Digital Signatures

 

Updated: July 19, 2016

Applies To: Windows 10, Windows 7, Windows 8, Windows 8.1, Windows Server 2008, Windows Server 2008 R2, Windows Server 2012, Windows Server 2012 R2, Windows Server Technical Preview, Windows Vista

Digital signatures are used to ensure message integrity. They are created by the Message Queuing runtime on the source computer, attached to the message when it is sent, and then used by the destination queue manager to verify that the message has not been modified.

Message Queuing provides the following types of digital signatures for messages that are not sent over HTTP/HTTPS or to a multicast address (non-SRMP messages):

  • MSMQ 1.0 signature

    This signature uses a set of six message properties when creating the digital signature. (The properties used when creating this signature are listed below.)

  • MSMQ 2.0 signature

    IThis enhanced signature uses a set of 15 message properties when creating the digital signature. These message properties include the six message properties used in the MSMQ 1.0 signature plus nine more. (The properties used when creating this signature are listed below.)

  • Multiple-destination digital signature

    Introduced in MSMQ 3.0. This signature is only used for messages sent to distribution lists or multiple-element format names.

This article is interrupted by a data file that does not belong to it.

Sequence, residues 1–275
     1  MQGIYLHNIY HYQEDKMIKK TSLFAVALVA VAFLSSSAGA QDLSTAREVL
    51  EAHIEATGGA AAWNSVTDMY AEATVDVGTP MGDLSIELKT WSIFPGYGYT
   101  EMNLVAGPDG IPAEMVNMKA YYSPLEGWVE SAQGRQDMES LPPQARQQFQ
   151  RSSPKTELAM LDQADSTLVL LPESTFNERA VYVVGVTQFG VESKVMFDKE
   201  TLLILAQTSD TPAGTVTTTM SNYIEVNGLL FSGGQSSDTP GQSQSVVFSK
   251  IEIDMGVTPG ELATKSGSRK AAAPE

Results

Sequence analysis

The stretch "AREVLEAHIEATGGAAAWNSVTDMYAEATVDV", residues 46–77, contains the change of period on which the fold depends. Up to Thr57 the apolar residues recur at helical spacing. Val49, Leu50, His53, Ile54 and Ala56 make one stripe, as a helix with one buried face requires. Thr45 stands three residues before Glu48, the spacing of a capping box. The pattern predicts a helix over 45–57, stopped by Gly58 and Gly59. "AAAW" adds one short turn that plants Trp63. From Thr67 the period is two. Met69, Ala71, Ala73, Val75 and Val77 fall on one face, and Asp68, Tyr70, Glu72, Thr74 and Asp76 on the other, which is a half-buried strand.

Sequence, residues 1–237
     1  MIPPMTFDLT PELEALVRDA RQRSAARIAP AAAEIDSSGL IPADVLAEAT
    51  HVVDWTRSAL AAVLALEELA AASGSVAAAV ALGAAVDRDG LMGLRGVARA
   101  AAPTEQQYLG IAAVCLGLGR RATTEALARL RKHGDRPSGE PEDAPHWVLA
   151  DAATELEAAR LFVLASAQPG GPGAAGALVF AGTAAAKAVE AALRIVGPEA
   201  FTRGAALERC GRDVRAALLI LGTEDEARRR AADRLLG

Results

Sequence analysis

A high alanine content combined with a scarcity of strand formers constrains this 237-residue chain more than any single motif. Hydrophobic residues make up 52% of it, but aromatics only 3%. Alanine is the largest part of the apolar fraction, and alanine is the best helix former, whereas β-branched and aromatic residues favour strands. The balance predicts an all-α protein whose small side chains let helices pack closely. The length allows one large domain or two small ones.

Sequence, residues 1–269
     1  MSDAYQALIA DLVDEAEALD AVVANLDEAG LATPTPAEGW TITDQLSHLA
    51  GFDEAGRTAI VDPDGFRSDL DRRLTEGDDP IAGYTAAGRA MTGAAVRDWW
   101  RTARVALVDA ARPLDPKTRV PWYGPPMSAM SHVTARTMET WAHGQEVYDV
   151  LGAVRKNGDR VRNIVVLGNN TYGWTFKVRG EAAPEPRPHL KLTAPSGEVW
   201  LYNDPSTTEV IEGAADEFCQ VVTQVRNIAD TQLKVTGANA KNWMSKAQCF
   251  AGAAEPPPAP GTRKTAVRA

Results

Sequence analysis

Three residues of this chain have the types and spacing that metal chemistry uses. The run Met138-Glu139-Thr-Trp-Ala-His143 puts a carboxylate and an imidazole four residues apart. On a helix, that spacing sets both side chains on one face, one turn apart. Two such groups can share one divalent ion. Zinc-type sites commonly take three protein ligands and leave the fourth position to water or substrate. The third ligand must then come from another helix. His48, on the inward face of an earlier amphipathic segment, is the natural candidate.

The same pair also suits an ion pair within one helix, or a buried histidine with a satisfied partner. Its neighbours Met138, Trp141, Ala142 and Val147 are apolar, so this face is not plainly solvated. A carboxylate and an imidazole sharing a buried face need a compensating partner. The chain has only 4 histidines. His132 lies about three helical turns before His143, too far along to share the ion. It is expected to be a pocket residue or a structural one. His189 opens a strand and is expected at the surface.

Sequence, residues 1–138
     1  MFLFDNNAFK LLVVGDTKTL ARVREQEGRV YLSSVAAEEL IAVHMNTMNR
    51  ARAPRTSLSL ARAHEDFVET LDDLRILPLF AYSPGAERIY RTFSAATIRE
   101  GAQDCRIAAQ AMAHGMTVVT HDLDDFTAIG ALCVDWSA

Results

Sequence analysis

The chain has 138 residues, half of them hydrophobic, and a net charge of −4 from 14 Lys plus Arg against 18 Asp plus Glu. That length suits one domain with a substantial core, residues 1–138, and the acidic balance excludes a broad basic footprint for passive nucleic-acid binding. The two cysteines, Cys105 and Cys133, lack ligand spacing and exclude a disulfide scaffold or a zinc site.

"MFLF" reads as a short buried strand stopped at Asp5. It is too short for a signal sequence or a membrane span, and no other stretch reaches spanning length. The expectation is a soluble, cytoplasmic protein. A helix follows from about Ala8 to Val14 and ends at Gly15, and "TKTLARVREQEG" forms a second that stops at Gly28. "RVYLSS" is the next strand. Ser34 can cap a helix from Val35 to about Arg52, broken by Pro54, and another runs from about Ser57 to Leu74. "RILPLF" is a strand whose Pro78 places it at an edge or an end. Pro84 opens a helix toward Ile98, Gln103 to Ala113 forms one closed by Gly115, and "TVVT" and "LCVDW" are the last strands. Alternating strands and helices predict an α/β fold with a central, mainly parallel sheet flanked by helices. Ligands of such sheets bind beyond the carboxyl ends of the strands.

This signature uses one additional property not used to calculate MSMQ 2.0 signatures (the extension information property) and the same 15 message properties used to calculate MSMQ 2.0 signatures with one exception. Because messages signed with this signature are sent to multiple destination queues, the destination queue format name property is used instead of the destination queue property. This way, the same signature can be used for all copies of a message sent to multiple destinations. (The properties used when creating this signature are listed below.)

Applications can specify which type of digital signature Message Queuing will use for messages that are not sent over HTTP/HTTPS or to a multicast address (non-SRMP messages) by setting the authentication level property of the message (PROPID_M_AUTH_LEVEL or MSMQMessage.AuthLevel) or by adding and setting registry entries on the source and target computer. For information on the digital signature registry entries, see Digital Signature Registry Entries. For information on the digital signature used to sign SRMP messages, see XML Digital Signatures.

The digital signature is an encrypted hash value based on a set of message properties. The message properties for each digital signature type are listed below in the order that they are used when computing the hash.

System_CAPS_ICON_note.jpg Note

Message Queuing uses the first six properties for all digital signature types. The remaining properties are used only for certain types of digital signatures.

When authentication is requested for an HTTP message (introduced in MSMQ 3.0) or a multicast message, which is also sent in SRMP (introduced in MSMQ 3.0), Message Queuing automatically signs it using an XML digital signature. For information on XML Digital Signatures, see XML Digital Signatures.

XML Digital Signatures

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